• House prices are currently expensive on every traditional measure and ultimately there has to be a correction (I prefer this description rather than crash). The difficult bit is predicting precisely when a prolonged correction will take place. It could of course be that we are someway into a price correction and the recent upswing (comprising of very low transaction volumes) is part of a DCB. Markets do not follow a straight line (housing included) and in fairness techieman predicted a Spring bounce long before the Nationwide/Halifax figures started going positive again. The political cat and mouse games will be up in May 2010 and as growler points out at post 9 (Monday, November 9, 2009 07:24PM) thats when the fun (or should I say market termoils) will begin.

    Reply
    Please complete the required fields.



  • tyrellcorporation says:

    Thanks for the offer smugdog but I have to decline. I’m now tempted by ‘benign indifference’ rather than switching camps. I live in hope of a fall but realise without any levers to pull were all swimming against the tide and have been for years. Yes by every reasonable measure house prices are massively overpriced but none of us counted on the measures taken to shore up the ponzi scheme. In many ways the credit crunch was the one thing we didn’t want because the threat of depression meant the remedy was off the scale. Ironically I reckon a standard type of recessionary slowdown might have given us a better result.

    I’m gonna look for a house to buy in the new year. Fu**ed off with waiting to be frank.

    Reply
    Please complete the required fields.



  • Interesting article @ seekingalpha.com/article/172288-u-s-and-u-k-property-bubbles-bounce-then-bust-again

    Unfortunately I cant post the above titled “U.S. and U.K. Property Bubbles: Bounce, Then Bust Again” up on the main board – suffice to say the graphs are interesting suggesting the bounce is now topping out

    Reply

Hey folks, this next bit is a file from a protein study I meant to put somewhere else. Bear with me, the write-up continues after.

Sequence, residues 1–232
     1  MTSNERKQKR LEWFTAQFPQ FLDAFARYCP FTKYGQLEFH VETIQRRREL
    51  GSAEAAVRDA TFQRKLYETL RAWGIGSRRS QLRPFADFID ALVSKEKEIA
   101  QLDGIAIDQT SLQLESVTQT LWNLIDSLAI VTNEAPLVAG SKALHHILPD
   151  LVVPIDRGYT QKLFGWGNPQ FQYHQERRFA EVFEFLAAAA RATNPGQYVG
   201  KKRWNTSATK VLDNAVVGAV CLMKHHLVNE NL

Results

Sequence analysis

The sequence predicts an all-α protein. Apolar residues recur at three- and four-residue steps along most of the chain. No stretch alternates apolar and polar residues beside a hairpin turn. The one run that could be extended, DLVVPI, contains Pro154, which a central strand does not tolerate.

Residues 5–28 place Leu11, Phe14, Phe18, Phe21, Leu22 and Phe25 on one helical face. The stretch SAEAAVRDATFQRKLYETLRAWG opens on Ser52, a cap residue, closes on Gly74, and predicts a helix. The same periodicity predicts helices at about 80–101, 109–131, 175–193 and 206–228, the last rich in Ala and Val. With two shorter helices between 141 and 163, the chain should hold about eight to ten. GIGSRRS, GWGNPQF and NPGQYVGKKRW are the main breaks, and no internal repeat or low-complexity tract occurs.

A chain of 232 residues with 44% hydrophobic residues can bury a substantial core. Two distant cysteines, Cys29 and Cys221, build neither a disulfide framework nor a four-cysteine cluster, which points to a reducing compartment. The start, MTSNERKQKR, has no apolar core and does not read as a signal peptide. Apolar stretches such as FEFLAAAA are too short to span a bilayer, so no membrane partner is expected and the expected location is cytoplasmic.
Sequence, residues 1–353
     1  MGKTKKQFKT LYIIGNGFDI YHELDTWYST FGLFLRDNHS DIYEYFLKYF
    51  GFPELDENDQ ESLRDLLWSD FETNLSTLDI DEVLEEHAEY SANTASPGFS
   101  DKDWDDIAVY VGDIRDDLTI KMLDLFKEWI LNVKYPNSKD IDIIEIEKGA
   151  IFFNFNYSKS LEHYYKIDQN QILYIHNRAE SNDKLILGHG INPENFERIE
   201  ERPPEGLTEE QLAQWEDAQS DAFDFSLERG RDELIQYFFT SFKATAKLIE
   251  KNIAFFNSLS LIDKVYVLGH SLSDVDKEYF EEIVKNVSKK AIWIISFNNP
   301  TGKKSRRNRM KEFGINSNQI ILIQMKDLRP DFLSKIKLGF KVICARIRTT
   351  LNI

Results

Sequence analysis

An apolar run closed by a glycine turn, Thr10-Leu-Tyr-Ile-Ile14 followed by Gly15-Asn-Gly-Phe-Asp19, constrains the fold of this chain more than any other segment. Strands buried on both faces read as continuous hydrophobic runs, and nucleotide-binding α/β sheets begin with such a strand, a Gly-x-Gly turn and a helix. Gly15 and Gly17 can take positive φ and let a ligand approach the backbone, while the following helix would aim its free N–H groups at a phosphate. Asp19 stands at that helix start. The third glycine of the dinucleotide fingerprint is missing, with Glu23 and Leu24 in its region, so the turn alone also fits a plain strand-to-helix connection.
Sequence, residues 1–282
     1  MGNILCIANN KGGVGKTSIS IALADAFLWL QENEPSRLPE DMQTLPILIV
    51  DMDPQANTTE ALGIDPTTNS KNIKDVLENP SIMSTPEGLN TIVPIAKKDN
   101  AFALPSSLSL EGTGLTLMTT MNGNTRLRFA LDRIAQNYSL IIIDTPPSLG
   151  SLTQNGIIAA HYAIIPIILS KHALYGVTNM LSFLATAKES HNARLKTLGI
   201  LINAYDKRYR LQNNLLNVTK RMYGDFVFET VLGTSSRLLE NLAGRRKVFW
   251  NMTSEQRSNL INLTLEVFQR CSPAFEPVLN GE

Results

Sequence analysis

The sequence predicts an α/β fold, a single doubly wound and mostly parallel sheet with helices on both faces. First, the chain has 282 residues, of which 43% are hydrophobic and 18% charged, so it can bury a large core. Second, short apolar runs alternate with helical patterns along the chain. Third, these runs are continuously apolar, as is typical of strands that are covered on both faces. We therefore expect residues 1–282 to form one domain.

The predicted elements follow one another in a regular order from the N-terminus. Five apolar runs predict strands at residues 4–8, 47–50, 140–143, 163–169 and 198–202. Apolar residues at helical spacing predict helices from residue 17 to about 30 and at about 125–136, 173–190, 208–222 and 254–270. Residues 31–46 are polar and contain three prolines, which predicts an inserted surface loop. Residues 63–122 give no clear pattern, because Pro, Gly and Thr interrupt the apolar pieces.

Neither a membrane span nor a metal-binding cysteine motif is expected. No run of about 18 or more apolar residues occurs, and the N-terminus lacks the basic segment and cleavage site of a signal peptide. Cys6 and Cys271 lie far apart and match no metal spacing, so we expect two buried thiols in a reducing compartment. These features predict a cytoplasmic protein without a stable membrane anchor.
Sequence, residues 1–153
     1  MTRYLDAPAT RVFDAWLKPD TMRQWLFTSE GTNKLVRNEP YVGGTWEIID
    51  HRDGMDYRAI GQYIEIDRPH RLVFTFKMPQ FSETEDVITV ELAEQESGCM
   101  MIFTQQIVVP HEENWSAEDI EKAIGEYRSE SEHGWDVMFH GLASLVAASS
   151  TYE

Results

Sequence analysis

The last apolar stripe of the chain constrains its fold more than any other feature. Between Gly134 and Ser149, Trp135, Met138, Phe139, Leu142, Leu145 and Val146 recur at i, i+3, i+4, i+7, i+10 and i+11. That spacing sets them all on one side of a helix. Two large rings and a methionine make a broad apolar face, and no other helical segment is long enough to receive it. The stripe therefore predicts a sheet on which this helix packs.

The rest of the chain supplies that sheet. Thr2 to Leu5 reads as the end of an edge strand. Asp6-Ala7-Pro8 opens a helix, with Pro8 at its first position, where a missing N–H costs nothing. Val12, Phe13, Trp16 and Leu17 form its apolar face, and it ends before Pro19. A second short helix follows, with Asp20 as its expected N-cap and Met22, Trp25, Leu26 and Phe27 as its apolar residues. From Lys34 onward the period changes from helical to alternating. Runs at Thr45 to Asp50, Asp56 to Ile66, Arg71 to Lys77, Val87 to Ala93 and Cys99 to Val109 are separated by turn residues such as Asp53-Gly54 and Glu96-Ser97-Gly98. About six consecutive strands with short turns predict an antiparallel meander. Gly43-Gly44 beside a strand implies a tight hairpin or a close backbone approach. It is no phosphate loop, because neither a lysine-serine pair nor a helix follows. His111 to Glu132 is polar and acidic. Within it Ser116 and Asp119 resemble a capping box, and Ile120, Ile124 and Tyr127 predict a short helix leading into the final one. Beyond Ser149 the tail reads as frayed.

Please complete the required fields.



  • TC

    What’s 6 months….?

    Can’t remember where I posted, but property would have to rise a lot for the maths to work.

    At the risk of a pun, before the general election we are bound to be knee deep in government bull###t – and once all that rubbish is over, we’ll have no bulls, but be left with the ###t

    Reply
    Please complete the required fields.



  • tyrellcorporation says:

    @ Growler – Possibly, but I could just as easily say that in 6 months time, printing money is still happening and the mother-of-all inflationary bubbles is being blown up by central banks across the globe. Gold and stocks are surging because investors know what’s game the West is playing. Labour governments always end up with rampant inflation and this will be no different IMO.

    Reply
    Please complete the required fields.



  • ah ah i wonder if this rings true?

    “TC – well if you assume that people are taking theirs off the market and if people do think that the alternatives are shaking (including money in the bank) then that could be the catalyst for a rise….not a fast paced one, but then people (such as the auctioneer) could be saying the market is bottoming. Now Im not saying where this will be but the seeds of a suck in are IMO being sown. We will then see the bulls back on here saying stuff like well you all had your chance and you blew it. At that point they may be right, but im betting that they arent!

    The thing is a bear market moves with retracements to the upside (it normally -eg 1929 to33) spends more time going up but for smaller amounts than the downmoves (spose that obvious). – look at a chart for the FTSE then make that chart monthly and compare it with the chart on the homepage and you might get what i mean.

    But in truth if you want to get a place then fair enough at some point it will be a good time to buy. Is that now – in my view no even if there is a retracement (the key time is probably next spring).

    Friday, October 10, 2008 10:06AM”

    http://www.housepricecrash.co.uk/newsblog/2008/10/blog-panic-spread-across-world-markets-this-morning-as-the-ftse-index-dived-in-early-trading-18091.php

    Reply
    Please complete the required fields.



  • shame you weren’t here then Smug – but as you can see your arrival is counter cyclical!!! Now you may be right a while longer but then you may have to go to ….. the dark side :-).

    Reply
    Please complete the required fields.



  • oh and btw “TC” in that quote was titanic captain not tyrell corp. and estrader shame on you… you really should know better.

    Reply
    Please complete the required fields.



  • Some intemperate talk this evening – some things don’t change.

    Reply
    Please complete the required fields.